Hackers have infiltrated the IT infrastructure of Oakland, forcing the San Francisco Bay area metropolis to take systems offline as it works to secure and restore services, the city government said in a notice.
For now, visitors of oaklandca.gov are greeted with a red banner saying:
“Oakland is experiencing a network outage. Several non-emergency systems including voicemail within the City of Oakland are currently impacted or offline. Thank you for your patience while we work to restore services.”
A notice posted by city officials late last week reveals Oakland was hit by a ransomware attack that began on the night of Feb. 8.
“The Information Technology Department is coordinating with law enforcement and actively investigating the scope and severity of the issue,” the notice reads.
Oakland’s core functions are intact, with the city assuring citizens that they can reliably reach out to 911, fire and emergency departments, as well as finance-centric services maintained by the city.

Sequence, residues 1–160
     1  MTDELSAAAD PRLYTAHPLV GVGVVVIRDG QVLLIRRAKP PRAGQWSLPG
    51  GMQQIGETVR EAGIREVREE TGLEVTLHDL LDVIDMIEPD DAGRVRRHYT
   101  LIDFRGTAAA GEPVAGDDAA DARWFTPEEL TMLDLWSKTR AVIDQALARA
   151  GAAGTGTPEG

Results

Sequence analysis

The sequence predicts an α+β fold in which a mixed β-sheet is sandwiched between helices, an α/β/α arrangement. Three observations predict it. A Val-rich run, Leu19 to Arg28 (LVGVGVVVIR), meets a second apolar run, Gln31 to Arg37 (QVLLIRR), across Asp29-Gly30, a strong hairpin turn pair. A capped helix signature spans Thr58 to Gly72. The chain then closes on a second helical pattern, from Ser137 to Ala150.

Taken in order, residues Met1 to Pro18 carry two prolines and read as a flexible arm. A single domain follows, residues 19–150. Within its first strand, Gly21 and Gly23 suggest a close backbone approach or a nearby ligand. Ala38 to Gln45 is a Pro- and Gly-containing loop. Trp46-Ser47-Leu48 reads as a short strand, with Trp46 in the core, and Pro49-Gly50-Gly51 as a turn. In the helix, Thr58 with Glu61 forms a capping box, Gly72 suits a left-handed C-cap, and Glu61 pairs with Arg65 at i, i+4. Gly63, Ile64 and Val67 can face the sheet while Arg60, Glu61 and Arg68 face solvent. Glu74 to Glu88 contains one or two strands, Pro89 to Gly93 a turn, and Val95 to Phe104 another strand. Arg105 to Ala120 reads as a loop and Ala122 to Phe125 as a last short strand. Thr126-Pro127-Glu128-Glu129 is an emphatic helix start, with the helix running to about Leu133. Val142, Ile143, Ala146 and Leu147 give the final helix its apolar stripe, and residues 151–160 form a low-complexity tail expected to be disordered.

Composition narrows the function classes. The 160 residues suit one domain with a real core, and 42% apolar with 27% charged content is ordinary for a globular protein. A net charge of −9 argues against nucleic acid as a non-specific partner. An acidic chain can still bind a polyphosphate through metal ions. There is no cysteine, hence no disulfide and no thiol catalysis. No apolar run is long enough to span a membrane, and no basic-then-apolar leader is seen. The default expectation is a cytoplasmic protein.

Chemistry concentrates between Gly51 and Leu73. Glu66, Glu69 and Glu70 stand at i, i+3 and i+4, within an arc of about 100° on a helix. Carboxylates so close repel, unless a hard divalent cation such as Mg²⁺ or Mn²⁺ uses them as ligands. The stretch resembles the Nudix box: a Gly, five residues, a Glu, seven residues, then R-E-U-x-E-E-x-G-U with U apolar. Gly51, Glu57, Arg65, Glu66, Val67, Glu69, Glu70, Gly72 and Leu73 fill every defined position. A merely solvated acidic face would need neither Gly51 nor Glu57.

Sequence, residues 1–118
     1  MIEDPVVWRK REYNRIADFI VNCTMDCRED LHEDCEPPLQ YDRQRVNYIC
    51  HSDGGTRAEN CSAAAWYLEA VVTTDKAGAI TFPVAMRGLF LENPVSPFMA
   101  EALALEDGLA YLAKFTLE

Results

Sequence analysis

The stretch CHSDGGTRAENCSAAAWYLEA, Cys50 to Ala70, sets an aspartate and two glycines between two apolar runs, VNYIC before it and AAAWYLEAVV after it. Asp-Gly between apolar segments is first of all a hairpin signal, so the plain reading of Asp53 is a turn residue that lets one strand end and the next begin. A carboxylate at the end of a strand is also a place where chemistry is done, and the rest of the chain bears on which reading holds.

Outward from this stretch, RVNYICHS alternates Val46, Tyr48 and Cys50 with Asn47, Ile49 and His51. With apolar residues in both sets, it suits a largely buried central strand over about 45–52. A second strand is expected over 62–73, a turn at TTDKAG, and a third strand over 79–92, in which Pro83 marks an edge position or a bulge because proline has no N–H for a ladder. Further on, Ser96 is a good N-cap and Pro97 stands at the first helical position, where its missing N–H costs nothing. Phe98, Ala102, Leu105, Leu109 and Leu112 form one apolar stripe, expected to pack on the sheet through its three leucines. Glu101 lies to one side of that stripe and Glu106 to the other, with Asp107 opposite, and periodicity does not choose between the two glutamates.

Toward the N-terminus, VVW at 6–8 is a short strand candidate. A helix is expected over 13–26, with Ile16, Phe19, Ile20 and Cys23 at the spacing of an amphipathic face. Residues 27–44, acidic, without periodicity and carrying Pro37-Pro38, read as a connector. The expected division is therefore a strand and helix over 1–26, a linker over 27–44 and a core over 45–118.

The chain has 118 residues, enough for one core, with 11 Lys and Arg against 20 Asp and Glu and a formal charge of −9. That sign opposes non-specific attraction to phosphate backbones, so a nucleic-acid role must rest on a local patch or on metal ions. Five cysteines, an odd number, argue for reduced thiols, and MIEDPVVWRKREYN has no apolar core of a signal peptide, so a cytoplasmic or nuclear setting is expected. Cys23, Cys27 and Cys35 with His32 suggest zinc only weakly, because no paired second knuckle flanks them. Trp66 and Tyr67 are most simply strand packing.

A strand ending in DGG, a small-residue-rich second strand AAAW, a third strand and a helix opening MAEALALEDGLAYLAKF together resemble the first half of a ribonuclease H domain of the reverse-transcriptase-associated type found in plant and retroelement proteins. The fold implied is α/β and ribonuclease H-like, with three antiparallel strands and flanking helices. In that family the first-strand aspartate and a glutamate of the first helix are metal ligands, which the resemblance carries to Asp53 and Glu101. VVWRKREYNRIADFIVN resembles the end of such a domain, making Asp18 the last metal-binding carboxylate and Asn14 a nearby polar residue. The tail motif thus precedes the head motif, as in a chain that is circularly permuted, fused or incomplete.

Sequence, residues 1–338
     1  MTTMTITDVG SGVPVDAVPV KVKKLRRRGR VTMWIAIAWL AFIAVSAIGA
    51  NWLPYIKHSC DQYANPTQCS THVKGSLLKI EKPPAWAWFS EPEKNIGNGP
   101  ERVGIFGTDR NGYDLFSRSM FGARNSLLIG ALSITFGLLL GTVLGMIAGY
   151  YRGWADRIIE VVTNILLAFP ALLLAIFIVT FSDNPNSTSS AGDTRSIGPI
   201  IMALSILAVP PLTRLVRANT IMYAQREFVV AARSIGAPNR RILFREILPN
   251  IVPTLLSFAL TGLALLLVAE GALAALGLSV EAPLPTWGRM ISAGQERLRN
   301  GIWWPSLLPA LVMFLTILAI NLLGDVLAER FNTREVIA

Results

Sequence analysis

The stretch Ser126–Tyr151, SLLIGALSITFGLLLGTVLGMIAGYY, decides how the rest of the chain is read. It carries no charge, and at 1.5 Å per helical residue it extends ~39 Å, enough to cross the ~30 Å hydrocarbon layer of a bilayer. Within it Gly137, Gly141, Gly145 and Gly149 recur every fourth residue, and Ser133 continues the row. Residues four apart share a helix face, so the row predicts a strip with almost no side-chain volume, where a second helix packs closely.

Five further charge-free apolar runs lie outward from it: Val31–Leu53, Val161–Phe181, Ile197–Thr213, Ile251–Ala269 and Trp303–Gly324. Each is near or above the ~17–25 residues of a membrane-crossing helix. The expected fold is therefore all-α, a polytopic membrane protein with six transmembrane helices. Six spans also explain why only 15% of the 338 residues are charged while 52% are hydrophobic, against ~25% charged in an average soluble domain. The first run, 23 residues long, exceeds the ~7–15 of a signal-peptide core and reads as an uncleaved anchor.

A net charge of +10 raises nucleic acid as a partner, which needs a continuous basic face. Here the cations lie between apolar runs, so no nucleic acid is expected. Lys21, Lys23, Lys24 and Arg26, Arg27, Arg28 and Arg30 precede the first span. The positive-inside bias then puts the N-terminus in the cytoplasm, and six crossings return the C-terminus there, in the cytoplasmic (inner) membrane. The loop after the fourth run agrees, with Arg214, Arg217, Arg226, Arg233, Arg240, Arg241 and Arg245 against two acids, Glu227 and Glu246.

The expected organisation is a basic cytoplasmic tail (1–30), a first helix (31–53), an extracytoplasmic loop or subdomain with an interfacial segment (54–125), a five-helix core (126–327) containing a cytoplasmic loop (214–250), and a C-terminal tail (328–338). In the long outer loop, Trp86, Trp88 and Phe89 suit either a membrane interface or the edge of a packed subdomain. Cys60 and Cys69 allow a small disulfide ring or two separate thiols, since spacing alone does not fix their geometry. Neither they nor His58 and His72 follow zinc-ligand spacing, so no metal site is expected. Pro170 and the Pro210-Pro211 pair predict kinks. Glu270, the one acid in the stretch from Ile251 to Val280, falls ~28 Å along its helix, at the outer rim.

Five days into the attack, the city says it is developing a response plan to address the issue.
“In an abundance of caution, ITD has taken affected systems offline while they work to secure and restore services safely,” the notice continues. “In the meantime, the public should expect delays from the City as a result. We are actively monitoring the situation and sending updated information as it becomes available.”
It’s a mystery which hacking group is responsible for the attack, and it’s unclear what the hackers’ demands are.
Taking systems offline is a standard procedure in these scenarios, but this does not mean hackers hadn’t already exfiltrated sensitive data from the city’s servers. Typically, if the hackers don’t reach an agreement with their victim, they end up leaking or selling the data to fraudsters on private forums on the dark web.